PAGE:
Two men, Hitchcock and Clemens, were aboard a spaceship, billions of miles away from Earth.
Hitchcock expressed his disbelief in anything he couldn't see, hear, or touch. He argued that when he couldn't see something, it ceased to exist for him.
I don’t believe in anything I can’t see or hear or touch. I can’t see Earth, so why should I believe in it? It’s safer this way, not to believe.
Clemens tried to convince him otherwise, but Hitchcock remained adamant. He believed that only the present moment and his own existence were real.
One day, a meteor hit their spaceship, causing a brief loss of air before the damage was repaired. Hitchcock was deeply affected by this incident, believing that the meteor had specifically targeted him. He became unresponsive and was diagnosed with shock. Despite attempts to bring him back to reality, Hitchcock remained in his state of disbelief.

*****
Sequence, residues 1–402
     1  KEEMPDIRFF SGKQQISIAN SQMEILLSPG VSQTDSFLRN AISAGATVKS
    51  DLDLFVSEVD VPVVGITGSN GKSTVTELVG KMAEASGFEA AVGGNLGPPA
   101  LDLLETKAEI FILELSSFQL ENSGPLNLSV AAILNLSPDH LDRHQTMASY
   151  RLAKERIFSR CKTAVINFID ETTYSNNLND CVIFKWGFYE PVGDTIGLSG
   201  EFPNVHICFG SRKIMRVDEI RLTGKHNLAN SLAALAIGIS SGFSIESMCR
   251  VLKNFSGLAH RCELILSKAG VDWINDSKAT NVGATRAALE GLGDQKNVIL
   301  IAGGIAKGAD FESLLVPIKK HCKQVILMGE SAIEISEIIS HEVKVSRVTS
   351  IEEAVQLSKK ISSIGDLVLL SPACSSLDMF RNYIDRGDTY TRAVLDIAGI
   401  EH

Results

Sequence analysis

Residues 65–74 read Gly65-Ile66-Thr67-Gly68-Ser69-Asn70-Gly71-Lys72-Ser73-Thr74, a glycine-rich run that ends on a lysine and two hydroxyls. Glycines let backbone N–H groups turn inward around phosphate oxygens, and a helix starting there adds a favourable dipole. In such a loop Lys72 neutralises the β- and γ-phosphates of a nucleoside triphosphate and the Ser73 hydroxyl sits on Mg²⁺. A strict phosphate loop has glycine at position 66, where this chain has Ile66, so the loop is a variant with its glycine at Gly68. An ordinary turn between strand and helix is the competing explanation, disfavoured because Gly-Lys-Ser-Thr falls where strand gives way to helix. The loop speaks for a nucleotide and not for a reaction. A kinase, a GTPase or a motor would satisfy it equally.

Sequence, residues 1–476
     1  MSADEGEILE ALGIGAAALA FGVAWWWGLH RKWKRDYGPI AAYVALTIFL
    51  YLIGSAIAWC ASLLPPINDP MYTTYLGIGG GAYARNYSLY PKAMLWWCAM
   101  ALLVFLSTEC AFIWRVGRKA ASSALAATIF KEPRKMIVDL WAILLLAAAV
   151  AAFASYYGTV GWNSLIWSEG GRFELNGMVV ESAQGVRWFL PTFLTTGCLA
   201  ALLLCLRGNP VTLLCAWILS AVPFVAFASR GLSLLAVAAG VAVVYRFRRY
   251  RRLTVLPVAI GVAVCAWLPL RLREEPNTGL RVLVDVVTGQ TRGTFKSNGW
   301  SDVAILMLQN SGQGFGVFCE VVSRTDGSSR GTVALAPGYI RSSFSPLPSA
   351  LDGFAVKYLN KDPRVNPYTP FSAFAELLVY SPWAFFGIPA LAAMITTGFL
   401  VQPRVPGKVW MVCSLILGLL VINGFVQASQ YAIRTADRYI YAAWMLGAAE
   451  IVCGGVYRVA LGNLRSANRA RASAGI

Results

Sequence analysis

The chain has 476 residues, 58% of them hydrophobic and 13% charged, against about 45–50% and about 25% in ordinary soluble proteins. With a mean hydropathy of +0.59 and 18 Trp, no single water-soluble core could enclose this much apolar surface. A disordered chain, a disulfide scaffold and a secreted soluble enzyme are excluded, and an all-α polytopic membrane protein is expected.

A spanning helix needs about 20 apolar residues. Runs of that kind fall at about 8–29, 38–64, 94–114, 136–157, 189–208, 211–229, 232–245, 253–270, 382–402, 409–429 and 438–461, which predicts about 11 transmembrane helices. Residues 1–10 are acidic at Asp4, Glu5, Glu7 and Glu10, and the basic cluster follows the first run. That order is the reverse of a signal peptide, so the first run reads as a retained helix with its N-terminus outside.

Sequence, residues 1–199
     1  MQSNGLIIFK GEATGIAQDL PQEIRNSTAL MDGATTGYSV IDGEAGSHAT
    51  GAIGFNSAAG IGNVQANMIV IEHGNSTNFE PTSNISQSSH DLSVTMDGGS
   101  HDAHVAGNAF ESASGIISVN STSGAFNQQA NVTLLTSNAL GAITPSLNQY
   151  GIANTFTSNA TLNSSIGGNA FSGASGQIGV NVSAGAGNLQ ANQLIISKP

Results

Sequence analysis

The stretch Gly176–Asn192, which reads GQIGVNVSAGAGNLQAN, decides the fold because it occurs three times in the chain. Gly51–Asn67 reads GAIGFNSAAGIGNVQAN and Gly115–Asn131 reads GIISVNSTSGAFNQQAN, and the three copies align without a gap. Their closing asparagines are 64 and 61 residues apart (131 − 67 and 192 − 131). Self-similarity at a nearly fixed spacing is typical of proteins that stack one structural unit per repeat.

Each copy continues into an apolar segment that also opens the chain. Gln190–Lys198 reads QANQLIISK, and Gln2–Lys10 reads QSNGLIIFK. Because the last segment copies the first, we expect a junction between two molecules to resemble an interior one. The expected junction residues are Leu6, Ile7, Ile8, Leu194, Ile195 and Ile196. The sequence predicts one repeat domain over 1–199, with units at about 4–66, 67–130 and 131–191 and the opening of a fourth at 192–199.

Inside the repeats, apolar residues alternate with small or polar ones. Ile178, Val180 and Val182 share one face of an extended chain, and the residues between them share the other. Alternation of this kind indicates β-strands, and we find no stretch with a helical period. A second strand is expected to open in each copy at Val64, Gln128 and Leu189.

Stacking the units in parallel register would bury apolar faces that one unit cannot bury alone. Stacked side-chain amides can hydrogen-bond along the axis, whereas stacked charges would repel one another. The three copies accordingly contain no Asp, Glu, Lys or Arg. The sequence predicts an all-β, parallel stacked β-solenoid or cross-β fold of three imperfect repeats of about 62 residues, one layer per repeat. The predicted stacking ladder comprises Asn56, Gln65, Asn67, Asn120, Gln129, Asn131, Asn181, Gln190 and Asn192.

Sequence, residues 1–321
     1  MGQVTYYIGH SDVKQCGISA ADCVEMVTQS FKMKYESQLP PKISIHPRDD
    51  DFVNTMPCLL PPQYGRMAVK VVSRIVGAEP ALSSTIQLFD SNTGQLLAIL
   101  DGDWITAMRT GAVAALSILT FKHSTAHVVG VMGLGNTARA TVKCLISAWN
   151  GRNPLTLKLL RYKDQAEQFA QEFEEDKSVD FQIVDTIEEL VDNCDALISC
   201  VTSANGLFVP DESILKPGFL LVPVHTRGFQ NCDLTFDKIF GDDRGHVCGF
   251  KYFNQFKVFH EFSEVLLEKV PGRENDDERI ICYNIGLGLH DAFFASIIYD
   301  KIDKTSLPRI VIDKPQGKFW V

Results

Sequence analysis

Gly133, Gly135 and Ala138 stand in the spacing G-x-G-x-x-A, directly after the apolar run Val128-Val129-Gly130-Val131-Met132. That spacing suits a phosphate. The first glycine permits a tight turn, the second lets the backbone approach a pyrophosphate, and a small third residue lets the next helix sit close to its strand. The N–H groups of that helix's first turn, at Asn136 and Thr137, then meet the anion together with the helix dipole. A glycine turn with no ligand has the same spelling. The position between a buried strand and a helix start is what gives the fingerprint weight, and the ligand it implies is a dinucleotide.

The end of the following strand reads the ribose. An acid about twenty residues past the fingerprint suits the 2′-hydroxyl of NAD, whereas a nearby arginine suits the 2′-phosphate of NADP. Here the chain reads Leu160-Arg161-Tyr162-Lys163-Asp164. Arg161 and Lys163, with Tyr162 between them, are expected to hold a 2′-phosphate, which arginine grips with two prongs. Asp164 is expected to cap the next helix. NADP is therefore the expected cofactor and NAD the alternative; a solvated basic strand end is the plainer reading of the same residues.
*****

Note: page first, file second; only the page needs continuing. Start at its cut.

In a brief moment of lucidity, Hitchcock managed to put on a spacesuit and walk out into space, leaving the spaceship behind. His last words, transmitted via his helmet radio, reiterated his belief that nothing existed except for space itself.
Only space. Only the gap.
He denied the existence of his own body, claiming that he was just a part of the vast emptiness of space. Hitchcock was left drifting in space, a million miles behind the spaceship, lost in the nothingness he so firmly believed in.